champagne, the russian word for champagne, president's put main critic in exile said the law was another example of the kremlin�*s incomprehensible wins. —— wins. hello there. monday was drier for a while across england and wales, but we certainly saw the weather going down hill from the south. this rain here is marching its way northwards across the uk up into northern england and scotland, where already in the past few days in edinburgh, we have had a month's worth of rain. now that early rain is moving away, but this area of low pressure is taking a band of rain — heavy at times — northwards up towards scotland and northern england with blustery showers following to the south. for a while, we will have some unseasonably windy weather along the coast of england all the way from dorset across to suffolk, gusts of 50 mph in the morning. it won't be as windy in the afternoon, but there will be some heavy showers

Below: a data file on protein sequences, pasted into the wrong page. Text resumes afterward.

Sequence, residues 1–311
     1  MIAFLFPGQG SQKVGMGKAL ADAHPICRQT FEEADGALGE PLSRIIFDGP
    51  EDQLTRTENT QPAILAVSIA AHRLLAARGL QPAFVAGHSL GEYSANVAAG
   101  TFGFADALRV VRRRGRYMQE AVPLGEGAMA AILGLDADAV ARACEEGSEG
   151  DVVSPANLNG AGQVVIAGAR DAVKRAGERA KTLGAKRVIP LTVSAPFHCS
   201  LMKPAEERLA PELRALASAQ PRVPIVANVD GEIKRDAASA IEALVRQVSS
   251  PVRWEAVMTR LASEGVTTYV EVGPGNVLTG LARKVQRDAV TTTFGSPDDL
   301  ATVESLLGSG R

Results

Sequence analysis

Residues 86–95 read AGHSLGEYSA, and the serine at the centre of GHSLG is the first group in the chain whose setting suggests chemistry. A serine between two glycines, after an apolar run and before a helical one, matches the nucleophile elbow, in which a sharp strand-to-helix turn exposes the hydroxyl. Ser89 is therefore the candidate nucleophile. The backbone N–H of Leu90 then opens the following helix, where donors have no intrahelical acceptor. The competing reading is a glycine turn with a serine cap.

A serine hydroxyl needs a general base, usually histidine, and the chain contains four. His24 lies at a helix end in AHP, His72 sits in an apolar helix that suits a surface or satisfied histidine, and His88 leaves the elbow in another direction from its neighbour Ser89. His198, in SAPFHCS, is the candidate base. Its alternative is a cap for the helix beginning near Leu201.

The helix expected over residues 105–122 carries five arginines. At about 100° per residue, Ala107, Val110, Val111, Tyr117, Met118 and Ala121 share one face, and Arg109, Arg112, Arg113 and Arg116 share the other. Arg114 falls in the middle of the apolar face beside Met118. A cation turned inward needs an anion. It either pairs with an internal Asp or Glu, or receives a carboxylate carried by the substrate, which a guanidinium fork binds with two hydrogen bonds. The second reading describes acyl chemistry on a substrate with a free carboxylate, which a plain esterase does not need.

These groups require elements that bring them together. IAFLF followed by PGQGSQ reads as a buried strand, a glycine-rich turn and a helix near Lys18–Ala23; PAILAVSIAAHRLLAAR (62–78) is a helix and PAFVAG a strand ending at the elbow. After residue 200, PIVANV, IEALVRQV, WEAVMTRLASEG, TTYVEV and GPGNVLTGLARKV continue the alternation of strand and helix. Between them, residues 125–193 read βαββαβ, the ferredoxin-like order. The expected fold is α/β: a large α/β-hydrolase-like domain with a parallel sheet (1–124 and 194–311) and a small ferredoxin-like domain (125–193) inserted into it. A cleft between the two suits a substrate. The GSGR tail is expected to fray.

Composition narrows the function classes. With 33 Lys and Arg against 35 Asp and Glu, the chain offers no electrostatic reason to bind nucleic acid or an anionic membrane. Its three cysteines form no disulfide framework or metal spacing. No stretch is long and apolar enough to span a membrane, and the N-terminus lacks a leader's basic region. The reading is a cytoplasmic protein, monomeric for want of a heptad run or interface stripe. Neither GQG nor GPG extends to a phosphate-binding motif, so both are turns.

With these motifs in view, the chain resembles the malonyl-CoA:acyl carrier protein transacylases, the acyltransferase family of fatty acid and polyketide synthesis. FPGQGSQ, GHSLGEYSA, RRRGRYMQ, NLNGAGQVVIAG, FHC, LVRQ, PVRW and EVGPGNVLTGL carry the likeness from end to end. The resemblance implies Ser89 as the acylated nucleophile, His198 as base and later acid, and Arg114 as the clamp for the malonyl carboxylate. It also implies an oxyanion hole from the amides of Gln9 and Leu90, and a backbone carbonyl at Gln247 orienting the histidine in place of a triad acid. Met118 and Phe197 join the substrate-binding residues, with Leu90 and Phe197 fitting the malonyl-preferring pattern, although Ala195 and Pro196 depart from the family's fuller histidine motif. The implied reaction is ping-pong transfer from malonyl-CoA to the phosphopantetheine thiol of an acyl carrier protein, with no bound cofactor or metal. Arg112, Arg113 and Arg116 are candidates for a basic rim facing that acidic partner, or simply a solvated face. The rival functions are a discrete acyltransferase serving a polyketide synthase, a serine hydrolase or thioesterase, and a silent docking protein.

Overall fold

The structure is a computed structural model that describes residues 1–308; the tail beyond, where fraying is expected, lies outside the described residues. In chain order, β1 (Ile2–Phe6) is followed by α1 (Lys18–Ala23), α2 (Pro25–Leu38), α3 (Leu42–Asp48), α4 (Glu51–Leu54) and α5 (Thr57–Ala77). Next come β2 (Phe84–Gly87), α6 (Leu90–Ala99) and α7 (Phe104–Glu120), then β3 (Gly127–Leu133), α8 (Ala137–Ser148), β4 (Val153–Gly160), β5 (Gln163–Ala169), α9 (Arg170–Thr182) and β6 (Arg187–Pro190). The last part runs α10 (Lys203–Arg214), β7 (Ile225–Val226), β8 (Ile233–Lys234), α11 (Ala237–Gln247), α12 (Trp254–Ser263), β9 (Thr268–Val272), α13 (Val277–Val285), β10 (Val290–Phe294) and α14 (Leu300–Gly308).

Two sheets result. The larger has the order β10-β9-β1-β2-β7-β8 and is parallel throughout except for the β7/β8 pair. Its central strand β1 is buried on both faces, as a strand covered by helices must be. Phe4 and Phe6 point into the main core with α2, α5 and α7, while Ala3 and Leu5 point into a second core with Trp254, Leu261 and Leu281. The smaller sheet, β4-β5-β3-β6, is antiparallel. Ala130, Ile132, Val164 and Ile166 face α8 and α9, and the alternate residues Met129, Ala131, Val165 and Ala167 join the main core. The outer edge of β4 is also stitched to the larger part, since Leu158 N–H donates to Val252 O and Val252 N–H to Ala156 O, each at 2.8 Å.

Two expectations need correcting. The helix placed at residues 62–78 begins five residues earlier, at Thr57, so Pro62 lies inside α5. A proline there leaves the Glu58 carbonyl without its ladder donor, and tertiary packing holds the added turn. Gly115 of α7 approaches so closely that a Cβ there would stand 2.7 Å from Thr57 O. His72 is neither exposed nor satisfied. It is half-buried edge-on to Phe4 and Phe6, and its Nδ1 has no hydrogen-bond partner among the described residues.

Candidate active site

around, and we have still got this more persistent rain, never really clearing away from northern england, pushing into eastern scotland. elsewhere, some brightness and maybe some sunshine. the showers are never too far away, and they may well be heavy as well. generally, temperatures a bit lower on tuesday, 18—19 typically, could be chillier than that where it stays wet in northern england and eastern scotland. and as we have seen, there are some showers around, they could well affect wimbledon once again. it's going to be another day where we may well have the covers on and off. those showers will probably tend to ease off though during the evening and into the night. more places become dry, still got some wetter weather towards the northeast of scotland. the breeze tends to ease down a little bit, and we will find temperatures typically again around 12—13 degrees. now, it's low pressure that's brought all the rain over recent days, in the centre of the low pressure, by the time we get to wednesday, it's close to the northeast of scotland. so there's more cloud rolling in here and some patchy rain around too. elsewhere, there may well be some sunshine, but we are going to find showers breaking out, and those could turn heavy and thunderey come